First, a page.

The recent issue on border encroachment by China has triggered waves on political and social spectrum of Nepal. Protests were organized against China in Kathmandu. The Government of Nepal has dismissed claims of encroachment of Nepali land by China despite the fact that the locals of Limi, Humla have claimed that the Chinese side has erected nine illegals buildings on Nepal’s land. Khabarhub’s Govinda Luitel had had a candid conversation with political and foreign affairs expert Arun Kumar Subedi on the issue. Excerpts:
What is your take on the disputes related to China’s encroachment of Nepali land and reported construction of illegal buildings on the Nepali land?
The government has already made it clear that the construction made by China is on the Chinese side. The Minister and the ambassador, too, have rejected the encroachment of Nepali land in Humla.
Yet, as the territory of Nepal is the concern of all Nepali people as well; hence every citizen has the right to know on the issue. Strangely, more than the diplomats and the concerned authorities, politicians here tend to talk on border disputes.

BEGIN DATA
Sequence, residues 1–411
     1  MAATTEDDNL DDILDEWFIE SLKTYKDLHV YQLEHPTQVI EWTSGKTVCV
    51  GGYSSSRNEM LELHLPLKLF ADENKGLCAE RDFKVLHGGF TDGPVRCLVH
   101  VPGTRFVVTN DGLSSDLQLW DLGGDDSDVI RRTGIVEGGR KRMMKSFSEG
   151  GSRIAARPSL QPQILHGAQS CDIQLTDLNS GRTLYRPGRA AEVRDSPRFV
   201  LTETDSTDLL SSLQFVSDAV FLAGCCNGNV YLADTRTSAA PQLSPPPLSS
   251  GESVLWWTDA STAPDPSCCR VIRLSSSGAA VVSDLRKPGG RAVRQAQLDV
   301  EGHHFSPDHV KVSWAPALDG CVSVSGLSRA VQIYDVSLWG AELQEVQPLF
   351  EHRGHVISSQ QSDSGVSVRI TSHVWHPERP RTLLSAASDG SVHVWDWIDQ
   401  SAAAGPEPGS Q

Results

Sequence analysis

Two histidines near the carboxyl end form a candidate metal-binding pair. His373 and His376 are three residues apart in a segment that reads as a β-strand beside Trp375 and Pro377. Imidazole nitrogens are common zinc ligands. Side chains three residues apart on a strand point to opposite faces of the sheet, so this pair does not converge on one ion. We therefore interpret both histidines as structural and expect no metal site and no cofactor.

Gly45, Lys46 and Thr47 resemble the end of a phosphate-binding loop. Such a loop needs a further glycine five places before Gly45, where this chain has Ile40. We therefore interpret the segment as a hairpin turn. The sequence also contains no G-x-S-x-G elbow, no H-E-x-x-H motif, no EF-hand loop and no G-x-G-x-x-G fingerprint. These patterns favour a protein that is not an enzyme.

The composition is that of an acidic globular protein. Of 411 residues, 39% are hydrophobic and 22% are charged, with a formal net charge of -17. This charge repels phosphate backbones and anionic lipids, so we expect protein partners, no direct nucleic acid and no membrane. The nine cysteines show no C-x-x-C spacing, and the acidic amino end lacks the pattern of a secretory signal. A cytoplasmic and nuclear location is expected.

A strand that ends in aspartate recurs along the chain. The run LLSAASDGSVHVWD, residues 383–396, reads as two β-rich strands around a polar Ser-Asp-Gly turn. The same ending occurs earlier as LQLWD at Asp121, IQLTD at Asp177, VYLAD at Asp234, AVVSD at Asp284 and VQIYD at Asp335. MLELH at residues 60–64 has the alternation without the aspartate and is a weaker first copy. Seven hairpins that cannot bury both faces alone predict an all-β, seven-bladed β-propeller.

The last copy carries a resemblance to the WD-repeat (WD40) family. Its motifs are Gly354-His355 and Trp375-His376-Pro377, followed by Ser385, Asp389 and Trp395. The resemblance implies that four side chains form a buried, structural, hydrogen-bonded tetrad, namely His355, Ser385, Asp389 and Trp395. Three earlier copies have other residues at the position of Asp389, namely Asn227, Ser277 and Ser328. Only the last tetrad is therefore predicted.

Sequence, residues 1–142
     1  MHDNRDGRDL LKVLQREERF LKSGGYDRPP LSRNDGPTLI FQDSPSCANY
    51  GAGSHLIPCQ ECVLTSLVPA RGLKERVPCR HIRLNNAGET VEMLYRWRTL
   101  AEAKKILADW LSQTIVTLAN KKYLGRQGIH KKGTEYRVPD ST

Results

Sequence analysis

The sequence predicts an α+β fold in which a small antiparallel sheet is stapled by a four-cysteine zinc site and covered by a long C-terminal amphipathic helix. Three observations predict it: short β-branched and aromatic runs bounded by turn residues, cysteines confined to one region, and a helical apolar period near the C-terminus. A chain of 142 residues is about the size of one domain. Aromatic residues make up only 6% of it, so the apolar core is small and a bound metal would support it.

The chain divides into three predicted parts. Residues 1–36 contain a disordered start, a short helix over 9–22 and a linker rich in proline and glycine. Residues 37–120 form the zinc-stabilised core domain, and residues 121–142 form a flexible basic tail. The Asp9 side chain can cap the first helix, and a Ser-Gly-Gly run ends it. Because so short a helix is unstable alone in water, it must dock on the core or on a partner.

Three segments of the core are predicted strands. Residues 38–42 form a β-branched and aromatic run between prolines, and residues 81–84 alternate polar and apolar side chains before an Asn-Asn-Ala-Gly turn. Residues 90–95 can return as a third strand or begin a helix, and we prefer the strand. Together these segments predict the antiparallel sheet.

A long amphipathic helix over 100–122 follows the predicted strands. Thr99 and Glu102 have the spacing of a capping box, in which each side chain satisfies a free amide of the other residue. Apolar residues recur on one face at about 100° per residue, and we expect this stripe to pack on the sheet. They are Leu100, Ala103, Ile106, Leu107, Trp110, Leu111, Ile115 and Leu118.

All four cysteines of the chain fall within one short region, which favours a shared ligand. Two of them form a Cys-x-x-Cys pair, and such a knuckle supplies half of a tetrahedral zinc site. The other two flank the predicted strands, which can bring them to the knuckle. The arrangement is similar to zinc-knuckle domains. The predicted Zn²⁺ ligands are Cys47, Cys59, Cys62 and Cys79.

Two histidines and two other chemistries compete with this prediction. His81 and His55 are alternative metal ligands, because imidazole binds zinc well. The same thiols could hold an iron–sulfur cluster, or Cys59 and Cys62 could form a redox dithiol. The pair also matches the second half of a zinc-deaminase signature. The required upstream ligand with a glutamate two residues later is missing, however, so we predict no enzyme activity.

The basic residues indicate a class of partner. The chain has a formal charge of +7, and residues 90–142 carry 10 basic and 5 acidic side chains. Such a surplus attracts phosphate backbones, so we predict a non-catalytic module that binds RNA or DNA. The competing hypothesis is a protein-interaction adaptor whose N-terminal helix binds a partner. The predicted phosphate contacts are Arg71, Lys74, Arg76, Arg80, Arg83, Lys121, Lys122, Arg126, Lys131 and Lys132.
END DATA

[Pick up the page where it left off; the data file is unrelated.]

Politicians make such issues as a means to entice the voters, hence, often they make a fuss about the issues already addressed and skip the discussion about the issues that might impact their ascent to power.
Yes, there is a border dispute with China. The dispute in Limi has come to the floor now, there is a dispute concerning the Mt. Everest, and there is also a dispute related to Pillar no. 47, among others.
Former ambassador to China Lila Mani Paudel had once stated that China is ready to relocate that pillar.
What do you think is the latest dispute concerning the encroachment of Nepali land in Limi?
Nepal and China signed the last protocol after reaching a conclusion in 1963. During the then Prime Minister BP Koirala’s visit to China and the reciprocation visit of Chinese Premier Zhou Enlai, there had been a discussion on this issue incorporating it as a point of reference.
Prior to this, China had included Mahalangur Himalayan range in its map. It had then claimed that as the monk of Syangboche monastery is a Tibetan, China could claim up to it.
Prime Minister BP Koirala then talked to Zhou Enlai and Mao Tse Tung on the issue convinced both of them with logics and facts supporting Nepal’s claim.
After this, around 21 grazing fields, a village of Mustang and Mt. Everest were located on the Nepali side. Soon the Koirala-led government was dismissed by King Mahendra which delayed the treaty that was otherwise at hand. It remained in narration alone.